There was a time when the Tesla business model was more a promise than a reality. A company born in Silicon Valley that wanted to change how the world moved from point A to point B. In a cleaner, safer and cooler way too.
As Tesla Motors started to ship in 2012 its truly mainstream vehicle, the Model S, people began noticing it. The forward looking vision of its founder Elon Musk has frequently been compared to that of Steve Jobs and Apple.
Before going any further, let’s start with some bad news: despite building and selling cars profitably since around 2009, Tesla is losing more money with each quarter.
But let’s rewind a little bit and go with what very few companies have managed to successfully build: brand.
The Tesla Brand
Every company wants to build a brand around it. Some kind of positive perception of the company. Whether it is due to quality, product, convenience, price or after sales service.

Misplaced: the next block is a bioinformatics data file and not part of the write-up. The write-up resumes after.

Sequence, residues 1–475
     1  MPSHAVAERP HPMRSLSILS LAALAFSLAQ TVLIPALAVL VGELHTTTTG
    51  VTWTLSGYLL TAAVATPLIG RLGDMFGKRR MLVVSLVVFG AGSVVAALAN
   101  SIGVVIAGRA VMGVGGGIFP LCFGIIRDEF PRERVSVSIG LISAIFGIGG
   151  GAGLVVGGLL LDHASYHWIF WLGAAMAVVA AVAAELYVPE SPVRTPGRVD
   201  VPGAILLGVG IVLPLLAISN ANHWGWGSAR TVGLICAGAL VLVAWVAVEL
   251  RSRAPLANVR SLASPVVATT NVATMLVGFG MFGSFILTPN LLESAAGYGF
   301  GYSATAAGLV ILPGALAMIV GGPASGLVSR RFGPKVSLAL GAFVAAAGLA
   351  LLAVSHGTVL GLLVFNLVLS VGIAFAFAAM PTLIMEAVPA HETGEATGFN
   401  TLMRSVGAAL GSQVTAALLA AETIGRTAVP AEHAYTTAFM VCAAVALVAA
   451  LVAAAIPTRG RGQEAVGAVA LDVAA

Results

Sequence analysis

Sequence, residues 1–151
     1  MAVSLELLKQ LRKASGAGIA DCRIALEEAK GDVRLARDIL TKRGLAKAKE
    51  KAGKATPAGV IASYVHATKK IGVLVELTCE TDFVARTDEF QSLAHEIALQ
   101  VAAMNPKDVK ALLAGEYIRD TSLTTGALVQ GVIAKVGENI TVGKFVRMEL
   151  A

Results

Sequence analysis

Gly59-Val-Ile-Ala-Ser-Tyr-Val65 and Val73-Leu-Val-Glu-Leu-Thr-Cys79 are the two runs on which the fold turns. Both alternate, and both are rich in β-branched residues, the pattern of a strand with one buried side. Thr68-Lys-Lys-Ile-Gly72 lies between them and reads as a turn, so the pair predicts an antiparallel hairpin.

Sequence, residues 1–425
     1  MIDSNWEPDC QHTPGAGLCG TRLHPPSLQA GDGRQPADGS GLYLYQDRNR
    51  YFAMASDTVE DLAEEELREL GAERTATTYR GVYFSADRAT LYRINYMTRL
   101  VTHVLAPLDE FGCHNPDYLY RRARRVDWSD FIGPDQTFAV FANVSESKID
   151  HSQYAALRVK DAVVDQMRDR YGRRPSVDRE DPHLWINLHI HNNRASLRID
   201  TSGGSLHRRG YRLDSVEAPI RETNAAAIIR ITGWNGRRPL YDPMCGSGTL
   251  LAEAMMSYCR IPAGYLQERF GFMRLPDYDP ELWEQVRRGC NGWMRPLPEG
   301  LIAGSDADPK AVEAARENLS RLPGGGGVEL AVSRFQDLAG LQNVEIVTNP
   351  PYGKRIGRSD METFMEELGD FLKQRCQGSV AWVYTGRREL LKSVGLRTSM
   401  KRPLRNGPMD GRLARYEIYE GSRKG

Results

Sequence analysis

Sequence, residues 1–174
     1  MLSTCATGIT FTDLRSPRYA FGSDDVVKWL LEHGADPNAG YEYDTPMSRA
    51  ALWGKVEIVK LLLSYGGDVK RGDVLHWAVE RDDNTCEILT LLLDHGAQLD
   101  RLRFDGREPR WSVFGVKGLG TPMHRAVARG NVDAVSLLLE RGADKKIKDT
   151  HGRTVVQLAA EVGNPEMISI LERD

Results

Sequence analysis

The best brands are built around several or all of these attributes. Conveniently, most of them can’t be measured or valued in an objective way, making them a matter of opinion.
The Tesla business model relies on these attributes to attract clients and aficionados.
Tesla has mixed the right amount of a sexy product with high tech and after sales support. This has made the brand immune to the occasional flaws in its products, several product recalls and continuous production delays.
Here is the thing: Tesla’s vehicles are expensive, but what matters is that comes with the package. It makes clients feel like they are part of something bigger. Of a tech revolution that cares about the planet. And doesn’t look hideous while doing it. They actually look cool.
It is this combination of attributes that Tesla’s competitors don’t understand.
Earlier this year, Wired wrote a piece about the Chevy Bolt. It praised the electric vehicle’s 320-kilometers range and spelt some doom for Tesla. The car is set to start shipping later this year, beating the estimated delivery date of the newest and affordable Tesla Model 3.
But Wired and General Motors are missing the point:
Technology alone isn’t enough – Steve Jobs.